• Gina January 18, 2008 (8:04 pm)

    Considering that the racoons usually are running about in groups of two or more (one is the look out) and that I have seen a group of 5 running about on 45th down toward Atlantic, in broad daylight, my cat is now a total indoor cat.

    I used to let her wander about when I was gardening, but with daylight racoons popping in the fenced yard, I refuse to take the risk. The opposums are the ones that leave large calling cards in the yard during the summer.

    The upside of her being indoors this year: no fleas. And no rodents have ventured into the basement. Kitty on guard.

  • MargL January 18, 2008 (8:24 pm)

    It seems we have a raccoons/possums condo under our deck. We saw tracks in the last good snow going between our birdfeeder and the deck and hear them thumping around regularly.
    They also peek in the sliding glass door – which drives our cat nuts!
    Our cat is and always has been an indoor cat. I feel bad for the neighborhood cats that spend the night on our patio furniture (as evidenced by dirt, twigs and clumps of cat fur) in this weather! One beautiful abbysinian lost her tail to a car accident shortly after being adopted by a neighbor. Now we call her ‘stumpy’ – she could have easily lost more to the raccoons.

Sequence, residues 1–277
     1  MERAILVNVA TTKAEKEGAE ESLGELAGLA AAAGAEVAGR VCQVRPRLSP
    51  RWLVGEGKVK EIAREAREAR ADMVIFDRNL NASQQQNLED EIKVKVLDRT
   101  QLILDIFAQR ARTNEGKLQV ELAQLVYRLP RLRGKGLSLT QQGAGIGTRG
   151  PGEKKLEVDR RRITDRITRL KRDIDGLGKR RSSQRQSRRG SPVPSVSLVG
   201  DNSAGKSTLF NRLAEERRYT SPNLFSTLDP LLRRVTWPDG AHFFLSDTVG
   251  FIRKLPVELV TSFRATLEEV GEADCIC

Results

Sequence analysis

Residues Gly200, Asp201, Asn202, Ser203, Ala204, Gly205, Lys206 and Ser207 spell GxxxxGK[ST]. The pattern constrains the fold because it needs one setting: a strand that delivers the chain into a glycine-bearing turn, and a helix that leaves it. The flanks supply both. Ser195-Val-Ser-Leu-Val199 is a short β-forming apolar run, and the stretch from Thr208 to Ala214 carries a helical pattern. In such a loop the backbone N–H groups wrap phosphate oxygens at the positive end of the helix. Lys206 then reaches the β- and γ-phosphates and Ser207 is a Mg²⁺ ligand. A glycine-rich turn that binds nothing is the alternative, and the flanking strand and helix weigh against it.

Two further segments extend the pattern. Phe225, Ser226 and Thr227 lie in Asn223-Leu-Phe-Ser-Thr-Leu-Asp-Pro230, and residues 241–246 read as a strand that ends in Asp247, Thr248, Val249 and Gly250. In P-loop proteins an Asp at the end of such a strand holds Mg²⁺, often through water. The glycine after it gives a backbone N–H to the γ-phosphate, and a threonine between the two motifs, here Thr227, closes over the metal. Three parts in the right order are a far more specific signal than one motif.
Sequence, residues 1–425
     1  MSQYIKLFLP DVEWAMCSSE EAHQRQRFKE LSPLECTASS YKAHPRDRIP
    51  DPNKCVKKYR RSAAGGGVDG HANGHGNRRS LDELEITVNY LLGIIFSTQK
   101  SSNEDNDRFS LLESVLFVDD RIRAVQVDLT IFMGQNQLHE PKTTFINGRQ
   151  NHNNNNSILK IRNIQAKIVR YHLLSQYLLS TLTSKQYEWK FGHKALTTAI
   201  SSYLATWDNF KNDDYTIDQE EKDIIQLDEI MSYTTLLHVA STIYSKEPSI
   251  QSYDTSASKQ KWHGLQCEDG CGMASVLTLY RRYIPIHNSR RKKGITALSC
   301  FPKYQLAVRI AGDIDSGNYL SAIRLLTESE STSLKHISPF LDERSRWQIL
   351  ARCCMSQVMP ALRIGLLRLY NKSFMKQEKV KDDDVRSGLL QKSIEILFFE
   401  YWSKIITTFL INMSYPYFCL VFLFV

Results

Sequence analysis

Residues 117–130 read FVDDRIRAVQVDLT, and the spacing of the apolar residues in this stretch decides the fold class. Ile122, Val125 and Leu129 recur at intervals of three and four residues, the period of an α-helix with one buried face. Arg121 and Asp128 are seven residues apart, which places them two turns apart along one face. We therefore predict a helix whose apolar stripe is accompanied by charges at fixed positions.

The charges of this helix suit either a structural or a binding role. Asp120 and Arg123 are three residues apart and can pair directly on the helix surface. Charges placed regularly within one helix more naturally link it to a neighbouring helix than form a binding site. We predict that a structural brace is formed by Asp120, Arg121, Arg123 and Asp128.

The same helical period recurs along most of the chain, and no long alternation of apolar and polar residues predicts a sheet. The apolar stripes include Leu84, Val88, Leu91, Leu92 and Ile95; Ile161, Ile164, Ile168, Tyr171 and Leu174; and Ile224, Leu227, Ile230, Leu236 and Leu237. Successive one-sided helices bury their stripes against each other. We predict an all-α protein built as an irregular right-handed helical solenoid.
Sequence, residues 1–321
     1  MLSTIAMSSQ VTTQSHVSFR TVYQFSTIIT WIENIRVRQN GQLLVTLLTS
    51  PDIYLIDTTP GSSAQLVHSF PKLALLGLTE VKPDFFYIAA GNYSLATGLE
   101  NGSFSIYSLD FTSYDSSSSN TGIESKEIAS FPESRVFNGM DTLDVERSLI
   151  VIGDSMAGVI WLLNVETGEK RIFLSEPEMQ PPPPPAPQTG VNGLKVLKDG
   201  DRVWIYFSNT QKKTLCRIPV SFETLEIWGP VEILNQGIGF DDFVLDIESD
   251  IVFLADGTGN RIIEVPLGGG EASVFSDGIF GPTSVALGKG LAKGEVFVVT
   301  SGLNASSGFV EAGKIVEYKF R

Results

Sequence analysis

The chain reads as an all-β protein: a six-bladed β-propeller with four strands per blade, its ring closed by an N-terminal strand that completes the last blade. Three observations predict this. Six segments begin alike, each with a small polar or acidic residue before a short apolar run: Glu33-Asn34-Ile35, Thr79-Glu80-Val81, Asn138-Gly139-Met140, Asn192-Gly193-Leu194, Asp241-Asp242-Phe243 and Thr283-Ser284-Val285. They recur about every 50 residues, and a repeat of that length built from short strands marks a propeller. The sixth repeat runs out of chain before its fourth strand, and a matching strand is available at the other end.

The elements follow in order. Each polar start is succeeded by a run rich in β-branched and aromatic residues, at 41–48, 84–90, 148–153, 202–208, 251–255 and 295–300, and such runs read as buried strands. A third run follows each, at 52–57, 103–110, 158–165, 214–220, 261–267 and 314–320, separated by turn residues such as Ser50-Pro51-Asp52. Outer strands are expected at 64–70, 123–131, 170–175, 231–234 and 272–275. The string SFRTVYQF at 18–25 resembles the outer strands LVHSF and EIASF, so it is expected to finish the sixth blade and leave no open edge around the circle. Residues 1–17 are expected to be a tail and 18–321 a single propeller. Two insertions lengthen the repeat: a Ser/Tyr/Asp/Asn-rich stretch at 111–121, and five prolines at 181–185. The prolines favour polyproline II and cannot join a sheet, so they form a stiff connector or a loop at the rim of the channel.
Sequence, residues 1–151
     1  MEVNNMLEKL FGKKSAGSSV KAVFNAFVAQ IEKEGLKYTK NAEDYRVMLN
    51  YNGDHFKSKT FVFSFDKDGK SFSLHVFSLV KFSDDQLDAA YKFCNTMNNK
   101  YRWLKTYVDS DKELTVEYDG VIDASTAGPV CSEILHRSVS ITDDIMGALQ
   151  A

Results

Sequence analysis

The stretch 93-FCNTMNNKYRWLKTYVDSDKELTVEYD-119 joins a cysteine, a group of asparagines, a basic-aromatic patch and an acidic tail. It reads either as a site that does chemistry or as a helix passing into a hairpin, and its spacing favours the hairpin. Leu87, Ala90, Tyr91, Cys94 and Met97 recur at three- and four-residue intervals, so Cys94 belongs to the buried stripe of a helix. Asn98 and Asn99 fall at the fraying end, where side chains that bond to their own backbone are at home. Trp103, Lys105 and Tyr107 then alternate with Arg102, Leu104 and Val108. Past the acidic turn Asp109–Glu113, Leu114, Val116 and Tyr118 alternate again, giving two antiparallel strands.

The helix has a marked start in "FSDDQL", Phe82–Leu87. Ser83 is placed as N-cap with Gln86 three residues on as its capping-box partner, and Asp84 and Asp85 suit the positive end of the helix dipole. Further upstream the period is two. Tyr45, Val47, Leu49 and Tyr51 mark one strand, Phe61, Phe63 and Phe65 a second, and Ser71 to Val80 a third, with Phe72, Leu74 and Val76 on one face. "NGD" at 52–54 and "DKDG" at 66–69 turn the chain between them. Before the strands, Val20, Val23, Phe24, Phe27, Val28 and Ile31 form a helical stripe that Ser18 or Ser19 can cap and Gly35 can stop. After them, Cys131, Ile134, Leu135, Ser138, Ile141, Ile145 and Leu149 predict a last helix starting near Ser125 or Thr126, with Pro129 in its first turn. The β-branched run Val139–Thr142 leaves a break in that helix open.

• miws January 18, 2008 (8:36 pm)

    “Paying someone to remove racoons is truly a waste of financial resources. Who can tell one from another?”

    It would be a cinch, if they weren’t all wearing those stupid masks! :D

    Eros, if you couldn’t verbally communicate your knowledge of the racoons in the kitchen to your humans, why didn’t you simply E-mail them? :P


  • BGH January 18, 2008 (8:38 pm)

    Leave the raccoons alone. We have two cats and they spend the night indoors and part of the day outdoors. When I get up at four in the morning to go to work I let the cats out and the raccoons are sometimes in our backyard. They don’t bother the cats. When I let the cats in before I leave for work the cats are sitting on the deck with the raccoons right there next to them. I would not worry about West Seattle raccoons, its the ones in the deep woods that I would not want to come across.

  • Rick January 18, 2008 (8:50 pm)

    I brought my cat from the wilds of Long Lake in Kitsap here for a while and sent him back home to live with my neighbors at the end of our dead end road. There he can hunt mice, birds, moles, snakes ,rats and yes,even the little ducks from the lake. Sad about the duckie but nature’ll do that sometimes. ‘Sides, the Peanut cat likes the occasional dip in the lake. Outside in the city is not good for the kitty.